American journal of physiology. Heart and circulatory physiology

Enhanced permeability responses to inflammation in streptozotocin-induced diabetic rat venules: Rho-mediated alterations of actin cytoskeleton and VE-cadherin.

PMID 24778164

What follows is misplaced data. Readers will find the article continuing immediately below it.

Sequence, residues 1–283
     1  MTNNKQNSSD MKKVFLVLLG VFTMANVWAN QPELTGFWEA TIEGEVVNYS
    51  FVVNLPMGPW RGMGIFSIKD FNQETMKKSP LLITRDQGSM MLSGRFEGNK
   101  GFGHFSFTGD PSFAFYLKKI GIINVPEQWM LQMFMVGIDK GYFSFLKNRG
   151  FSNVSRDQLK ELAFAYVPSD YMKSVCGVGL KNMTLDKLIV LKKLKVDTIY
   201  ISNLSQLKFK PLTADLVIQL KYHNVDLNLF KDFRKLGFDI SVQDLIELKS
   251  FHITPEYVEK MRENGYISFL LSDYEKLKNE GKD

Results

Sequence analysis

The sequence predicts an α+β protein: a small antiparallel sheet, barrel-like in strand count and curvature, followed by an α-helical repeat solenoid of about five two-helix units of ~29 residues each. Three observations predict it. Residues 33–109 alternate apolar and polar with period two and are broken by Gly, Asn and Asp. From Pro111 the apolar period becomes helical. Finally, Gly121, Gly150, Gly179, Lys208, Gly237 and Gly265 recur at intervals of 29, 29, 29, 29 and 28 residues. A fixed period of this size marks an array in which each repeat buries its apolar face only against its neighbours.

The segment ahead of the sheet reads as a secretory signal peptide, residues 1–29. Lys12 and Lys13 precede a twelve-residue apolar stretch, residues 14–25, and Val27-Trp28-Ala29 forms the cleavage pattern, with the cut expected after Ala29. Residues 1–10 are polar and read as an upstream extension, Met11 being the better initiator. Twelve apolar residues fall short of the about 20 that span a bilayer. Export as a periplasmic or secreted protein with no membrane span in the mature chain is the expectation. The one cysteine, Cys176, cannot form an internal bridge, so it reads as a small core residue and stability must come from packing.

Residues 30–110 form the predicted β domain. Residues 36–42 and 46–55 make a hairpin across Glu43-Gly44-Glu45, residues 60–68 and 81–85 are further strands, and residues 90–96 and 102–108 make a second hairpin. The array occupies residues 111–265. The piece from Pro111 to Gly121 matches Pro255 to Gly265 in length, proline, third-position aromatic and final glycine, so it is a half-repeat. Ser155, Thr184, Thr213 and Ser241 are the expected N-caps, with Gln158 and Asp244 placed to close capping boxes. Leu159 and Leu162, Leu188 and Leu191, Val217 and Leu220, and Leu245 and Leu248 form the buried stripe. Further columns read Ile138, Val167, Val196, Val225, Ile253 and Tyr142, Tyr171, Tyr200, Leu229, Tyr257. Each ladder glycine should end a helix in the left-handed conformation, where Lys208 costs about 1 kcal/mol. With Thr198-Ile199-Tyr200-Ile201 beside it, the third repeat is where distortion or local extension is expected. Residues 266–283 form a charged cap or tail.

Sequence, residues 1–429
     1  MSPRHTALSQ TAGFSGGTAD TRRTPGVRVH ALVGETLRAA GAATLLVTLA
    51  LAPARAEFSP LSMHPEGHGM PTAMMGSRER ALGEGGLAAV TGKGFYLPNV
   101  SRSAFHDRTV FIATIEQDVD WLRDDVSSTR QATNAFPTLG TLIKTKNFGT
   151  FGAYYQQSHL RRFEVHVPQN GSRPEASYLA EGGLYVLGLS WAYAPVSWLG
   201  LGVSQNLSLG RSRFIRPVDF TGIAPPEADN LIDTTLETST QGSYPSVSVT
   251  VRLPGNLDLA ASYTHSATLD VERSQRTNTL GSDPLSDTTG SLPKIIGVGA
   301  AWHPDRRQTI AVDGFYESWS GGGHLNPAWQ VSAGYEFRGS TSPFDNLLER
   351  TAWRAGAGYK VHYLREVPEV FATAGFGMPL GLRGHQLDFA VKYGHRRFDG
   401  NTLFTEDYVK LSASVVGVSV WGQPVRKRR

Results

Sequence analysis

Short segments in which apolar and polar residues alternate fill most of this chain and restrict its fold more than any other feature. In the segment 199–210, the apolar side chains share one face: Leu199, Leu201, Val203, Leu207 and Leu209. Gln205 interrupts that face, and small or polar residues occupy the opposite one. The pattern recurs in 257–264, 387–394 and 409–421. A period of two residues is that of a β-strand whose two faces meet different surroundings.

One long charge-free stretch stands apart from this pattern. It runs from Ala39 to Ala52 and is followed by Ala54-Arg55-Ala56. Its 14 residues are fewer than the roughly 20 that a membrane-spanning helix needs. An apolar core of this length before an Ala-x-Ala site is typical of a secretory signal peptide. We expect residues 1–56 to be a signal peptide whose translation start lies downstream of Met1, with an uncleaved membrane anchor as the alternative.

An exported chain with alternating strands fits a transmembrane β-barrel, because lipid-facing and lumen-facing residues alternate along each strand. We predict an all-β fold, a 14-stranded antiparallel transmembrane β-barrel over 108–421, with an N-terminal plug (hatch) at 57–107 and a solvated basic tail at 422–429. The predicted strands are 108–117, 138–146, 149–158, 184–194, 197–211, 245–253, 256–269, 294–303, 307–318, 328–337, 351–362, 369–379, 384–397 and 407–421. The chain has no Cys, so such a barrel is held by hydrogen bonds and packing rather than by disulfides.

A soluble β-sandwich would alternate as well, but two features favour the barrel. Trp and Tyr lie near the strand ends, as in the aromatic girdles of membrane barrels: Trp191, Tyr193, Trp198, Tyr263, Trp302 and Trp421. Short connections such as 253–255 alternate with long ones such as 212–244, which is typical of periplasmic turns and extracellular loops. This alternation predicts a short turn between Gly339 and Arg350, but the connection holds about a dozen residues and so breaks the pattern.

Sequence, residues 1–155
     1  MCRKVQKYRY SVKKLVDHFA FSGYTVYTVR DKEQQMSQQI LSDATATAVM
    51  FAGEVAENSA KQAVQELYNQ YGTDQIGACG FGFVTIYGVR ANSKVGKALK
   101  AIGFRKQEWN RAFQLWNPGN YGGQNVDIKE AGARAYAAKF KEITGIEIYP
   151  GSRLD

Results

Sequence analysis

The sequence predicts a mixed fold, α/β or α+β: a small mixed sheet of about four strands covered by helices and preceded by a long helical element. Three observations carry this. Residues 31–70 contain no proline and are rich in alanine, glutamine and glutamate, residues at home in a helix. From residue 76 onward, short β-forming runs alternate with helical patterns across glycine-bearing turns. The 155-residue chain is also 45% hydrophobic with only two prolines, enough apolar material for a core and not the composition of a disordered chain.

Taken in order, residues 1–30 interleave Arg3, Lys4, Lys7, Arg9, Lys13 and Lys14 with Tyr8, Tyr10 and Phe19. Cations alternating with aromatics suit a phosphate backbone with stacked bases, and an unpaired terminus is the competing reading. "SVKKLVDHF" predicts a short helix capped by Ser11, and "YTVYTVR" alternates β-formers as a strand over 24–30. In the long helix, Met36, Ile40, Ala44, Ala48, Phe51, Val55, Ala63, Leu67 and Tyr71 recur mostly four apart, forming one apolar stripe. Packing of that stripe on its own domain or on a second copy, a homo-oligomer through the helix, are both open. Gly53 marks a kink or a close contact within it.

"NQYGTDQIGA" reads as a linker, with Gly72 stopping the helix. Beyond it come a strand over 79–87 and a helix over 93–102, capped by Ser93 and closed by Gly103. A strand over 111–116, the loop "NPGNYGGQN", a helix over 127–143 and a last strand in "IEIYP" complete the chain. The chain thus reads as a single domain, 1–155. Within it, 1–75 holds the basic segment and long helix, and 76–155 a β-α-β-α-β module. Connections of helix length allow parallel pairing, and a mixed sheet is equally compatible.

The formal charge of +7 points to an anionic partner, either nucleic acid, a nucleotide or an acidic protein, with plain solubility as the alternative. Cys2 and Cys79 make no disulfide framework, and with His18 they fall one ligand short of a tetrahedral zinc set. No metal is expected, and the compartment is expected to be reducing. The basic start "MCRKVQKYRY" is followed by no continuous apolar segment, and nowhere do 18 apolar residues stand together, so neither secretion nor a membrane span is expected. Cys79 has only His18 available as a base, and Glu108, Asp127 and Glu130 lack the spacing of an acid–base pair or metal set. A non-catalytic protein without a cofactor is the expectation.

Diabetes is a progressive disease that often leads to microvascular complications. This study investigates the impact of diabetes on microvessel permeability under basal and inflammatory conditions. Streptozotocin-induced diabetic rats were used to mimic type 1 diabetes. Parallel experiments were conducted in intact mesenteric venules in normal rats and diabetic rats experiencing hyperglycemia for 2-3 wk. Microvessel permeability was determined by measuring hydraulic conductivity (Lp). The correlated changes in endothelial intracellular Ca(2+) concentration ([Ca(2+)]i), adherens junctions, and cytoskeleton F-actin were examined with fluorescence imaging. Diabetic vessels showed moderately increased basal Lp, but upon platelet-activating factor (PAF) exposure, these vessels showed an ~10-fold higher Lp increase than the normal vessels. Concomitantly, we observed higher increases in endothelial [Ca(2+)]i, enhanced stress fiber formation, vascular endothelial-cadherin separation, and larger gap formation between endothelial cells than those occurring in normal vessels. PAF receptor staining showed no significant difference between normal and diabetic vessels. The application of Rho kinase inhibitor Y27632 did not affect PAF-induced increases in endothelial [Ca(2+)]i but significantly reduced PAF-induced Lp increases by 90% in diabetic vessels. The application of both Y27632 and nitric oxide (NO) synthase inhibitor attenuated PAF-induced Lp increases more than using one inhibitor alone. Our studies indicate that diabetic conditions prime endothelial cells into a phenotype with increased susceptibility to inflammation without altering receptor expression and that the increased Rho activation and NO production play important roles in exaggerated permeability increases when diabetic vessels were exposed to inflammatory mediators, which may account for the exacerbated vascular dysfunction when diabetic patients are exposed to additional inflammation.